LONDON — President Barack Obama said Wednesday that American and European influence remains as dominant as ever, even as rising powers like China and India assert themselves. To the British Parliament seated at majestic Westminster Hall, Obama declared: "The time for our leadership is now."
"Even as more nations take on the responsibilities of global leadership," Obama said, "our alliance will remain indispensible to the goal of a century that is more peaceful, more prosperous and more just." ''After a difficult decade that began with war and ended in recession, our nations have arrived at a pivotal moment once more," he said.
Obama was granted the honor of being the first U.S. president to speak from the grand setting of Westminster Hall, and he received a deeply friendly welcome. He recounted a history between two countries an ocean apart that was conceived in war but matured into an indispensable global force for economic growth, security, democracy and peace.
His speech came not long after Obama stood with Prime Minister David Cameron in promising jointly to continue a relentless and punishing campaign against Moammar Gadhafi's forces in Libya, saying there "will not be a let-up" in pressure to force Gadhafi out.
At a news conference with his British counterpart, Obama ruled out a deadline for ending NATO's military assault but said it would be over "in a timely fashion."
"I believe that we have built enough momentum that, as long as we sustain the course we're on, he will step down," the president said of Gadhafi.
There was unity on Libya, but the news conference exposed a split between the two leaders on the Middle East peace process. Cameron backed Obama's recently articulated call for a peace process to restart on the basis of Israel's pre-1967 borders with mutually agreed land swaps. But while Obama strongly condemned the Palestinians' plan to unilaterally seek statehood recognition from the United Nations, Cameron said it wasn't the right time to weigh in on that.
After the news conference, Obama spoke to both houses of Parliament gathered in the cavernous 11th century Westminster Hall where generations of rulers have held coronation banquets and where many others lay in state while awaiting burial.
His address came midway through a four-country European tour during which he's connected with his unlikely Irish roots and enjoyed the hospitality of Queen Elizabeth II, even while keeping an eye on events at home where casualties are mounting from a virtually unprecedented monster tornado in Missouri.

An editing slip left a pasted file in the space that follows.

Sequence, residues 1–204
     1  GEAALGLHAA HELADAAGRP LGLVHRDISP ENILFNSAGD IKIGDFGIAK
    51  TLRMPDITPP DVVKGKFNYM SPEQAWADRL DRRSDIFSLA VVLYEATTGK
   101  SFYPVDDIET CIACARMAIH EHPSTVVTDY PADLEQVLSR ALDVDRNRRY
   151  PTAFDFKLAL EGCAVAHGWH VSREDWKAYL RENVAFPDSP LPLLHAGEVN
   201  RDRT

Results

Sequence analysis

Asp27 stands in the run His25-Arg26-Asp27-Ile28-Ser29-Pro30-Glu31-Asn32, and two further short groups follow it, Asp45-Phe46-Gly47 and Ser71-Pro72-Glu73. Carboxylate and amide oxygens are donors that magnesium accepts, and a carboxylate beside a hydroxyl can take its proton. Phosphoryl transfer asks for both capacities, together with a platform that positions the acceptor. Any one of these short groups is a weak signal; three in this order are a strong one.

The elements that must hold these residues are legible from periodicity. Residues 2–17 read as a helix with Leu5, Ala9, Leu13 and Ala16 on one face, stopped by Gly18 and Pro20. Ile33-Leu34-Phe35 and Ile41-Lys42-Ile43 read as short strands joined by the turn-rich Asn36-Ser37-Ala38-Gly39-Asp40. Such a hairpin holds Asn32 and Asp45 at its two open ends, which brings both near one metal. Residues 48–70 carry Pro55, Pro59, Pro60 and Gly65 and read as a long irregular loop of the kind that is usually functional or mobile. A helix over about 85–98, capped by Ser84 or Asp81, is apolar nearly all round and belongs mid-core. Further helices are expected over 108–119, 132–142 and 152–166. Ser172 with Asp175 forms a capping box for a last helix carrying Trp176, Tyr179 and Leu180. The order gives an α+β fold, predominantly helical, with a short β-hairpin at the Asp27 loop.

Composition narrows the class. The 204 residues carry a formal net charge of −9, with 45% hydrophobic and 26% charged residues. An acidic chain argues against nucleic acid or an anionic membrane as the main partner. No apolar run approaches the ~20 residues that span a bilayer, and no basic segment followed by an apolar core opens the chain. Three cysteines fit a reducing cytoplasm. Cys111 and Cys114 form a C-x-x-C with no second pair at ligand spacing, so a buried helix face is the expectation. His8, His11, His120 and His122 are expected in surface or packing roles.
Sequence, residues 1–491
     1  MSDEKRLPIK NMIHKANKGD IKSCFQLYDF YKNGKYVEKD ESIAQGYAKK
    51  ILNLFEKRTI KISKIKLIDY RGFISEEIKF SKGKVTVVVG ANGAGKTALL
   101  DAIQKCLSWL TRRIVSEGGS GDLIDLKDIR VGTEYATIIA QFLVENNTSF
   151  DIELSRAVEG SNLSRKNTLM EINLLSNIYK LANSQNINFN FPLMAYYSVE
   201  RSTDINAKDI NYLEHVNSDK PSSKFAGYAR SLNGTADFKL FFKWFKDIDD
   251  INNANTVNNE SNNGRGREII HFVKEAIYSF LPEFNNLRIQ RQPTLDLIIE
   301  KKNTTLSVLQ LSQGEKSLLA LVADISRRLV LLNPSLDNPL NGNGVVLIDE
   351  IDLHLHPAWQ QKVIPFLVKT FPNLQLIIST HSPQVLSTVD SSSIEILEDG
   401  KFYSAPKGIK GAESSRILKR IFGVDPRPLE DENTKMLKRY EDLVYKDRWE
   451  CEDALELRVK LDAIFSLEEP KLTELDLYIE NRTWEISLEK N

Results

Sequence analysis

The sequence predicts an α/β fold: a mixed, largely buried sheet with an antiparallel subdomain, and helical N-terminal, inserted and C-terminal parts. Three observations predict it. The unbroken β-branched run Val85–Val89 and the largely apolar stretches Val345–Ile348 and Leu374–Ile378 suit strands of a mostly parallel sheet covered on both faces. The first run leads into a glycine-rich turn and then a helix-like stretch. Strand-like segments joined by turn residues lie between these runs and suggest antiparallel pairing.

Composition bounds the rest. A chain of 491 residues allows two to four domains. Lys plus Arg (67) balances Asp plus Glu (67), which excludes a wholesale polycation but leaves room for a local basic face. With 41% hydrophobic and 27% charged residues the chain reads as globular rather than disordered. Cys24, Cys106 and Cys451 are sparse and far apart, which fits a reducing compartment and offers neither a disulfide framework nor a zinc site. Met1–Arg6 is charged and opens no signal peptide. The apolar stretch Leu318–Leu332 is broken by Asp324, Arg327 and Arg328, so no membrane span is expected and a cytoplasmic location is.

The president spoke to grave global challenges of war, peace and economic strain, calling on Britain and the U.S. to meet the issues head-on and together, and more broadly he exhorted the world to capitalize on momentum toward democracy and universal rights.
As revolutions sweep the Middle East and North Africa, NATO forces bombard Libya, and U.S. and British troops fight in Afghanistan, Obama gave a robust defense of the need for the U.S. and Britain to put their military might at the service of people around the world seeking freedom.
"If we fail to meet that responsibility, who would take our place?" the president asked.
"Our action — our leadership — is essential to the cause of human dignity. And so we must act — and lead — with confidence in our ideals, and an abiding faith in the character of our people, who sent us here today."
The president received a sustained, standing ovation for his defense of the American-British alliance and how the two "enduring allies" will be a defining force for good in the future, as well.
"As two of the most powerful nations in history, we must always remember that the true source of our influence hasn't just been the size of our economy, the reach of our military, or the land that we've claimed," the president said. "It has been the values that we must never waver in defending around the world — the idea that all human beings are endowed with certain rights that cannot be denied."
The president also got applause when he noted that it was possible for the grandson of a Kenyan who was a cook in the British army to stand in Westminster Hall as president of the United States.
And even on foreign soil, Obama sprinkled his speech with promotions for his political agenda at home. He called for spending on education and science even during austere times; for more progress on reducing the emissions that cause global warming; and for a government assurance that people can get health care.
Here, too, he said the United States and Britain can serve as model for emerging giants such as China, India, Brazil and others.
"The successes and failures of our own past can serve as an example for emerging economies — that it's possible to grow without polluting; that lasting prosperity comes not from what a nation consumes, but from what it produces, and from the investments it makes," he said.
After the speech, in a move rarely deployed in British politics, Obama worked the audience for almost 10 minutes, surprising lawmakers as he stopped for a series of brief chats.
Wednesday was Day 3 of Obama's four-country, six-day Europe tour, which began in Ireland and will take him to France on Thursday for an economic summit, and finally to Poland. The president was spending two days in Britain, staying at Buckingham Palace with first lady Michelle Obama at the invitation of Queen Elizabeth II.
Associated Press writer David Stringer contributed to this report.